As you can see, we don’t scoff at small businesses. We don’t make fun of small businesses. We don’t poke fun at small businesses. We understand their needs, and we are backing them. The coalition is the only party that can ensure that less red tape falls to businesses, reducing those excessive compliance costs. Individuals, businesses and community groups have had their compliance costs cut by $5.9 billion since 2013, including through things like simplified business activity statements, a small business superannuation clearing house and thousands of other decisions that make life easier for small businesses.

We have fixed the budget—in fact, over $41 billion in budget savings have been delivered since the 2016 election alone. We have halved the growth in spending, which was out of control under the six years of Labor government—out of control. We have halved the growth in spending from four per cent a year under Labor to 1.9 per cent under the coalition. That is the most restrained of any government in more than 50 years. The budget deficit in 2017-18 is projected to be $18.2 billion, which is less than half what it was two years ago, and we are on track for a balanced budget in 2019-20, a year earlier than anticipated.

The outcome that I’m most proud of is the promise that we made in 2013 to deliver one million new jobs to the Australian economy within five years, and we have delivered it in spades. In fact we promised it within two terms of government and we delivered it one year early, within five years, with 1,114,500 more Australians in work since September 2013, and over half of those are in full-time jobs. The vast majority of jobs have gone to women, and, in the last 12 months alone, at least 100,000 have gone to regional Australia. In 2017-18 alone, 349,500 jobs were created. That’s the best financial year result since 2004-05, over a decade ago. Most importantly, of those jobs, over 100,000 went to young Australians. In fact, growth in youth employment is the best that we’ve seen in 30 years. The unemployment rate sits at 5.3 per cent, the lowest level since 2012 and well below the level we inherited from Labor in 2013 at 5.7 per cent.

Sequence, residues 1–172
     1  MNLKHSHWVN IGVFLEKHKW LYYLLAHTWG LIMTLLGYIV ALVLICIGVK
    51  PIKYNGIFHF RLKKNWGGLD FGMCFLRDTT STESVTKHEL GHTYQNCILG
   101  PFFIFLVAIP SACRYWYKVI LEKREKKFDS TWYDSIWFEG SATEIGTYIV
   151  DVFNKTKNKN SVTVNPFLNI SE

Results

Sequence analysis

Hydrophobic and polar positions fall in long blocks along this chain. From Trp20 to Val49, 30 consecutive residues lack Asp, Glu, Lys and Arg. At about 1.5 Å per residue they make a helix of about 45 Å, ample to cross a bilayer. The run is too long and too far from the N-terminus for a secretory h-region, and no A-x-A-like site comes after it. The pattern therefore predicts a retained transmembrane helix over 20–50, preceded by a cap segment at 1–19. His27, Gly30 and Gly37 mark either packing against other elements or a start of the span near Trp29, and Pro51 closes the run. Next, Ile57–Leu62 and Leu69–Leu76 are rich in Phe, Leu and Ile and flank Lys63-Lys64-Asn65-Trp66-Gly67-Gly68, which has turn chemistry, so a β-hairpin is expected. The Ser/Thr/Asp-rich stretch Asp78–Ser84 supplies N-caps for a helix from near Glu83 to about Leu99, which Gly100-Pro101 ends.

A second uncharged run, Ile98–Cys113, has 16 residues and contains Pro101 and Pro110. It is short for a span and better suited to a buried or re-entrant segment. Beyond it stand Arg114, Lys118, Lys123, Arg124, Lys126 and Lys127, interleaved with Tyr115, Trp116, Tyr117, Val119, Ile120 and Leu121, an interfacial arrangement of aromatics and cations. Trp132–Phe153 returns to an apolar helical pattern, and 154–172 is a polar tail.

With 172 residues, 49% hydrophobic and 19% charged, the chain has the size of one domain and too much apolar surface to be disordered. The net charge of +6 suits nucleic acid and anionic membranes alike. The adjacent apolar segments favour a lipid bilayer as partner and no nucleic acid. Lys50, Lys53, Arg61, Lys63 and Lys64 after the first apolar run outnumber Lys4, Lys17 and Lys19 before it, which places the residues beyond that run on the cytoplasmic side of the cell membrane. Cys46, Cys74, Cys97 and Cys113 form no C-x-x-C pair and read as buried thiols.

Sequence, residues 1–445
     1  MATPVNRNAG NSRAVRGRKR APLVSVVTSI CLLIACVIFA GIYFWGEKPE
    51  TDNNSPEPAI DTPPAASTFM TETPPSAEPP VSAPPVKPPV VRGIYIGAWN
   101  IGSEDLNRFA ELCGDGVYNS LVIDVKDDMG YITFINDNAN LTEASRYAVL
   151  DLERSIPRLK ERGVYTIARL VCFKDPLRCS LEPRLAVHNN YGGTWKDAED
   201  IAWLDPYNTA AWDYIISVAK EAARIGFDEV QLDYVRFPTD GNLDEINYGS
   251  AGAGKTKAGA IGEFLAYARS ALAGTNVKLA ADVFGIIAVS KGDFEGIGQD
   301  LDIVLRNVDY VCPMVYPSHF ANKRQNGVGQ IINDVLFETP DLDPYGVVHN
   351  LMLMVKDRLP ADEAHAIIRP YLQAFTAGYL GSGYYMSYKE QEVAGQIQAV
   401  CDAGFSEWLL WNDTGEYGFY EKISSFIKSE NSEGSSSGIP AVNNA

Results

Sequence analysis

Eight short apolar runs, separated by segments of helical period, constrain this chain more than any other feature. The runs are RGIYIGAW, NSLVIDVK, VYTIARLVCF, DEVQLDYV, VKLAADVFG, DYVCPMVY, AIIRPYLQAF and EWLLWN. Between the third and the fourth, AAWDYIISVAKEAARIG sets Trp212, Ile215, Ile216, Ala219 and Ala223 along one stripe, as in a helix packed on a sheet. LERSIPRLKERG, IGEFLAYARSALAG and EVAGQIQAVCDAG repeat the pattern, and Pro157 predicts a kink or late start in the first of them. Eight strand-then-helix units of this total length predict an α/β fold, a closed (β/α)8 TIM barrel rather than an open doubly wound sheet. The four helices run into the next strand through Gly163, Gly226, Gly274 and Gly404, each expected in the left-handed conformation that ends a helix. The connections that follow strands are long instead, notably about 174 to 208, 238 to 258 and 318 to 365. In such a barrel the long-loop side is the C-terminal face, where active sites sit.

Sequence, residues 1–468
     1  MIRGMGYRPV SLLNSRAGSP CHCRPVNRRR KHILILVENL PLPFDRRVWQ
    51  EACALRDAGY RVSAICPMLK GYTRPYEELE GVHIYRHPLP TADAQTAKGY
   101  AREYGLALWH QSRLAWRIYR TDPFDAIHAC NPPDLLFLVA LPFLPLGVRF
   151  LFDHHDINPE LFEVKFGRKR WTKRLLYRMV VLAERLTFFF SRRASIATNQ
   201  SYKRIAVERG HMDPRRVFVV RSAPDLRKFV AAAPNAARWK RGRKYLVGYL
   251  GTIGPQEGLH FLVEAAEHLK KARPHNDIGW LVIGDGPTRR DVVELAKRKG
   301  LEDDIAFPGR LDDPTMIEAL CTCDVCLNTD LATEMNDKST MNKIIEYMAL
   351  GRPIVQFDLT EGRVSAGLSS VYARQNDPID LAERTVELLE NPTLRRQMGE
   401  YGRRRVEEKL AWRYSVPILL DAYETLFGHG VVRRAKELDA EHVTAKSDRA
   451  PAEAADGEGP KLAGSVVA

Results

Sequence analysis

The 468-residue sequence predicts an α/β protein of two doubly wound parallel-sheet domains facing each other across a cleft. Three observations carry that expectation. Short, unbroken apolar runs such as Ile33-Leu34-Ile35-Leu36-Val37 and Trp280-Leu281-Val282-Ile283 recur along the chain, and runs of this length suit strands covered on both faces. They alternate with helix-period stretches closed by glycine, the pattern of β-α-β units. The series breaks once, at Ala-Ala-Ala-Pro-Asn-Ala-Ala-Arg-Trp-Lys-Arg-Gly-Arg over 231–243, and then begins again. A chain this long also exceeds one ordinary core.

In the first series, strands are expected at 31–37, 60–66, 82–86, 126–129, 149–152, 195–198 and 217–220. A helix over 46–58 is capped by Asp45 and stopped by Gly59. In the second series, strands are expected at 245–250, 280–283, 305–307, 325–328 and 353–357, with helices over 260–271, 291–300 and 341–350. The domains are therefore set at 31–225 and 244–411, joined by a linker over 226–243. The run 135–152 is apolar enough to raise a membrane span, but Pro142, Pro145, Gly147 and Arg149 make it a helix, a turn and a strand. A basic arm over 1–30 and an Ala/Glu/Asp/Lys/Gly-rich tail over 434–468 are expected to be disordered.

If you want to see division, if you want to see instability, if you want to see illegitimacy, you need look no further than those opposite. They’re very good at throwing stones but they’ve got a bit of a glass jaw over there. When we start talking about things like border protection, you can see the whites of their eyes, because they are divided on border protection. They don’t know where they stand on border protection. When we talk about things like the Israel-Palestine relationship, you can see the whites of their eyes. They don’t know where they stand on Israel and Palestine. They certainly don’t know where they stand on the TPP. We’ve seen the leaks coming out just this week alone. They don’t know whether they’re Arthur or Martha. Are they in favour of the TPP? Are they against the TPP? I can assure you that, if you want to see stability and you want to see good government, you will only see that from the coalition. We’re not here to fight about it; we are here to fix it.

Link to parliamentary Hansard